Parks & Recreation
The 23-foot tall statue represents the hero of Spain's war against the Moors, Rodrigo Diaz de Bivar, known as El Cid.
Originally constructed as relay and dispatch station for fire alarms located throughout the City of San Diego, this building near Marston Point now houses the Park & Recreation Department Administrative Services section. Panoramic views of the City and harbor abound from this small gem of a building created by Robert Snider, co-designer of the original Museum of Art structure.
The Golden Hill Community Park is available for special events.
Houses that do not currently have cottages of their own utilize the Hall of Nations on Sunday afternoons between noon and 4 p.m. to present treats and exhibits from their countries and cultures.
The House of Charm was called the Indian Arts Building when it was originally created for the first exposition. In 1916, as international exhibitors traveled south from recently closed Panama Pacific International Exposition held in San Francisco, the lath and plaster structure was renamed the Russia and Brazil Building. It acquired its current name, the House of Charm, during the second exposition. Like many other exposition buildings within the Park, the House of Charm was taken over by the military during WWII. Due to its poor condition, the building was torn down and rebuilt to exacting specification in 1996. Represented on the National Register of Historical Places, the House of Charm is now home to the Mingei International Museum; the San Diego Art Institute, featuring art produced by local artist; and three full-scale rehearsal spaces belonging to The Globe Theaters.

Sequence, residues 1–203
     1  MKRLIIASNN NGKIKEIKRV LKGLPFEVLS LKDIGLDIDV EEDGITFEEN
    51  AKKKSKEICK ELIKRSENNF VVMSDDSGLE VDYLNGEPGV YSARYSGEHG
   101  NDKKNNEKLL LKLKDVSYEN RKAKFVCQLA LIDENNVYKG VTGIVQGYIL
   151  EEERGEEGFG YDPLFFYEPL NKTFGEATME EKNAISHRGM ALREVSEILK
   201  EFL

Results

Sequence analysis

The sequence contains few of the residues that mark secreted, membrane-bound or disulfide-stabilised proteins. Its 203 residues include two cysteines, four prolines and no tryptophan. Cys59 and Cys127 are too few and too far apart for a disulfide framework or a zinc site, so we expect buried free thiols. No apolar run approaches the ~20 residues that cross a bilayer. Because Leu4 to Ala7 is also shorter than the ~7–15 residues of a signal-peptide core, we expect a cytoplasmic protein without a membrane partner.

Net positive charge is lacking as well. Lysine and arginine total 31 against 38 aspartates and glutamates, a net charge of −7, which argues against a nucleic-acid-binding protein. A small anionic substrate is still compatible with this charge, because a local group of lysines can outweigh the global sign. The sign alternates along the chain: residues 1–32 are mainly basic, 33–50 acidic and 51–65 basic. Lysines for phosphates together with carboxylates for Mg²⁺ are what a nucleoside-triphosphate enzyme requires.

Built for the 1915 Panama-California Exposition to serve as the Foreign Arts Building, this structure was substantially altered and remodeled by architects Richard Requa and Sam Hamill for the 1935 California Pacific International Exposition, and became headquarters for the Women's Executive Committee. The building is currently being operated by the House of Hospitality Association and serves as a community center for the Park. In addition to the Balboa Park Visitor's Center, the House of Hospitality houses the Balboa Park Police Satellite Office; the Balboa Park Promotions Office; numerous spaces for nonprofit, park-related organizations as well as The Prado Restaurant. This beautiful, national historic landmark, graced by sculptor Donal Hord's Aztec Woman of Tehuantepec fountain in the inner courtyard, is a near-exact replica of the original structure, rebuilt in 1997 using many of the decorative elements from the 1935 era.